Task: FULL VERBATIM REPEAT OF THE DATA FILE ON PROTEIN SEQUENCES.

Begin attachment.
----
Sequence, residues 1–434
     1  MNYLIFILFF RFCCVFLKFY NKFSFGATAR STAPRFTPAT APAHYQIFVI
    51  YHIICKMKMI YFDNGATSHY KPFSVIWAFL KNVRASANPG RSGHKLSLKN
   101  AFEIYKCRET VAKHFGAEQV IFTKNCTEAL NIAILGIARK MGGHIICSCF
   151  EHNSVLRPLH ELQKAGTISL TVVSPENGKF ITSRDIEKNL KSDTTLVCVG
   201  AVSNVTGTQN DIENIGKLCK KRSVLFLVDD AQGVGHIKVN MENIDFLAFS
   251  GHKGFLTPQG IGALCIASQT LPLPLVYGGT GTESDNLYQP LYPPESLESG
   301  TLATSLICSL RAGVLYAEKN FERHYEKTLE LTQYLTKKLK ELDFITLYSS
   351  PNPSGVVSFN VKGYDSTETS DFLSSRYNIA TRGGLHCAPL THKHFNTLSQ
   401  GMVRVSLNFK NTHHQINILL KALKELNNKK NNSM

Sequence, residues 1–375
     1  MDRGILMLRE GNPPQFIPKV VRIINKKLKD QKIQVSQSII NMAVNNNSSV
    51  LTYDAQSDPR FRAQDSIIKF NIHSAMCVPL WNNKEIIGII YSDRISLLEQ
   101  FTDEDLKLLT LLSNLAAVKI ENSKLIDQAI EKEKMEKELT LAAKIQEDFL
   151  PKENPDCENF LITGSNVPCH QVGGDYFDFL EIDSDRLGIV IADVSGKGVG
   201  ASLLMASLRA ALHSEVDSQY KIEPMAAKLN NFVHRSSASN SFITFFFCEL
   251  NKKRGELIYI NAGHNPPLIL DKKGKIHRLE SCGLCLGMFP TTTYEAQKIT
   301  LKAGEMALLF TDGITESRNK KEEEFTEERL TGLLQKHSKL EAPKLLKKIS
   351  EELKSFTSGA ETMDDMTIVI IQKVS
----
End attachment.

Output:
Sequence, residues 1–434
     1  MNYLIFILFF RFCCVFLKFY NKFSFGATAR STAPRFTPAT APAHYQIFVI
    51  YHIICKMKMI YFDNGATSHY KPFSVIWAFL KNVRASANPG RSGHKLSLKN
   101  AFEIYKCRET VAKHFGAEQV IFTKNCTEAL NIAILGIARK MGGHIICSCF
   151  EHNSVLRPLH ELQKAGTISL TVVSPENGKF ITSRDIEKNL KSDTTLVCVG
   201  AVSNVTGTQN DIENIGKLCK KRSVLFLVDD AQGVGHIKVN MENIDFLAFS
   251  GHKGFLTPQG IGALCIASQT LPLPLVYGGT GTESDNLYQP LYPPESLESG
   301  TLATSLICSL RAGVLYAEKN FERHYEKTLE LTQYLTKKLK ELDFITLYSS
   351  PNPSGVVSFN VKGYDSTETS DFLSSRYNIA TRGGLHCAPL THKHFNTLSQ
   401  GMVRVSLNFK NTHHQINILL KALKELNNKK NNSM

Sequence, residues 1–375
     1  MDRGILMLRE GNPPQFIPKV VRIINKKLKD QKIQVSQSII NMAVNNNSSV
    51  LTYDAQSDPR FRAQDSIIKF NIHSAMCVPL WNNKEIIGII YSDRISLLEQ
   101  FTDEDLKLLT LLSNLAAVKI ENSKLIDQAI EKEKMEKELT LAAKIQEDFL
   151  PKENPDCENF LITGSNVPCH QVGGDYFDFL EIDSDRLGIV IADVSGKGVG
   201  ASLLMASLRA ALHSEVDSQY KIEPMAAKLN NFVHRSSASN SFITFFFCEL
   251  NKKRGELIYI NAGHNPPLIL DKKGKIHRLE SCGLCLGMFP TTTYEAQKIT
   301  LKAGEMALLF TDGITESRNK KEEEFTEERL TGLLQKHSKL EAPKLLKKIS
   351  EELKSFTSGA ETMDDMTIVI IQKVS